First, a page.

If you rely on innovation then putting something that’s ‘unpredictable’ and ‘tends to fall down’ at the heart of your business isn’t going to cut it.

Whatever stage you’re at, if you’re looking to innovate to gain an advantage, you need the output of your creative process to be consistently strong and reliable.

Understanding that the Eureka moment is a myth, and that you need a process to nurture creativity and innovation, just as you do any other function in your organisation, is the first step in the right direction.

Two: The Myth of the Genius

You guys need to meet Bob, he’s a creative genius! You’ll love him, he’s the expert. Full of ideas and oozing charisma. We just can’t stop him churning out great ideas!

Throughout most of the twentieth century the creative industries were built on talented individuals, often mavericks who sat somewhere between creatives and salesmen with a better instinctive understanding of consumer behaviour than most. Big personalities can make a big impact, but we’re now in a world where innovating at scale requires creativity that’s beyond one person’s reach.

Teams beat individuals every time. And in ideation sessions the charismatic expert in the room is always outperformed by the layman with an outside perspective and an open mind.

Buying into the myth of the genius encourages organisations to cluster around creative ‘superstars’. It sets everyone up for a fall. A good creative process means that everyone has the potential to be part of innovation, and that will build a platform for your business that goes beyond any individual.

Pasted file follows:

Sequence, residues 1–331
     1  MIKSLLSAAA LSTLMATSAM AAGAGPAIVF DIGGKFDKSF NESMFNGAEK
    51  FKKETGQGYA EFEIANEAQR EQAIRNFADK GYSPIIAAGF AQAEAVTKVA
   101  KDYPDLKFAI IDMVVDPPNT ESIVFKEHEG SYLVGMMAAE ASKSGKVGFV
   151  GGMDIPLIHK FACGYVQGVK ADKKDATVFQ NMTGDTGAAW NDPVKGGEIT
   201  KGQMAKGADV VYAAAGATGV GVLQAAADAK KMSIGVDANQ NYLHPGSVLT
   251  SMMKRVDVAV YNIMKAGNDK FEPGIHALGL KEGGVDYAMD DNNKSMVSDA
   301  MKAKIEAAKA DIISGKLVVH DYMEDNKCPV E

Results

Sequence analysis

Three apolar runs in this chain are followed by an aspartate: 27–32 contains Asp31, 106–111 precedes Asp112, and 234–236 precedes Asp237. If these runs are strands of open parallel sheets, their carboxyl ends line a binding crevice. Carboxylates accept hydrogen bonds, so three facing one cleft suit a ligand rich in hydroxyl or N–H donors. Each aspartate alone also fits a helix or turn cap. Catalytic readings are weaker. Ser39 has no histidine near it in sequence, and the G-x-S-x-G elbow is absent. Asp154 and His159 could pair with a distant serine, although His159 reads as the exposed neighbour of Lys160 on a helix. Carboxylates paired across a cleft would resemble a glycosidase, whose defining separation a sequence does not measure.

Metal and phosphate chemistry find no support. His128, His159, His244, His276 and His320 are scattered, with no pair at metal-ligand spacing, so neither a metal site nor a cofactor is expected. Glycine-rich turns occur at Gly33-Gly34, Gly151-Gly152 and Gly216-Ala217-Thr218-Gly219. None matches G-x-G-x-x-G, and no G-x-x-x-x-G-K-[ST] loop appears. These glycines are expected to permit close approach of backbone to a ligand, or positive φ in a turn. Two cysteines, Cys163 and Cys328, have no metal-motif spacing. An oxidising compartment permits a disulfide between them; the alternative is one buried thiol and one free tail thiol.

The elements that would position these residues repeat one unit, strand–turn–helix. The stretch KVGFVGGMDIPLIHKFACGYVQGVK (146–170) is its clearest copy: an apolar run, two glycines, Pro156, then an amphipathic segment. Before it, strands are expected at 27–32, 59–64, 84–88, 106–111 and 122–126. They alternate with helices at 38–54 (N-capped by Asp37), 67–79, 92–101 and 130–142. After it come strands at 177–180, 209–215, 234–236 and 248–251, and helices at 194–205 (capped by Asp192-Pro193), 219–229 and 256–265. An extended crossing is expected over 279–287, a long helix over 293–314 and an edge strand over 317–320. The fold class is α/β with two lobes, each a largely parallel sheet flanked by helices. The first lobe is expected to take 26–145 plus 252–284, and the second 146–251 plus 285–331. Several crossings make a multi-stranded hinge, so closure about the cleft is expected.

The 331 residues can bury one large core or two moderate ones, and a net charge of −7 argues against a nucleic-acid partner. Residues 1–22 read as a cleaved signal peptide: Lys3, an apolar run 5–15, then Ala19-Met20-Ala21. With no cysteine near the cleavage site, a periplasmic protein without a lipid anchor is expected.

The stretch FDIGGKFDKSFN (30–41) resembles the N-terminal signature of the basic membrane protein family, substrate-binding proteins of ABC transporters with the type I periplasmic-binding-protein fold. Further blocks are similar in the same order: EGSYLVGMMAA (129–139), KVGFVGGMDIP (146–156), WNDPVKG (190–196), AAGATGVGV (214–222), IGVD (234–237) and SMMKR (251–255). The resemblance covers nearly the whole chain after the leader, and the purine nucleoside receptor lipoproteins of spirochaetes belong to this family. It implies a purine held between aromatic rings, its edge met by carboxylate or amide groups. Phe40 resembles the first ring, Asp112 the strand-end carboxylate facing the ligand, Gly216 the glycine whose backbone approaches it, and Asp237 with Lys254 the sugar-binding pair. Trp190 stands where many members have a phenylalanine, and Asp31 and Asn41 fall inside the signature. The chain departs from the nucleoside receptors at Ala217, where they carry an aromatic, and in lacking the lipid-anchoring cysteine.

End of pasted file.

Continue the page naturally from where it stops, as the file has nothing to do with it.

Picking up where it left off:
Three: The Chaos Breeds Creativity Myth

Because so little is known about the science of creativity, it’s easy to fall into the belief that being creative is about letting go of order and freeing teams from the everyday demands their work puts on them.

While academics have put a lot of effort into understanding the neurological process of creativity, but not yet cracked it, industry has had to work out how to get success by applying the commercial constraints of time and budget to the chaos of creativity.

So we know that carefully constraining creativity can focus people, not stifle them. And we know that putting creativity at the heart of an organisation can be the catalyst for leaps in innovation, not just little steps. That’s exactly why so many high profile innovative businesses have creatives on their boards.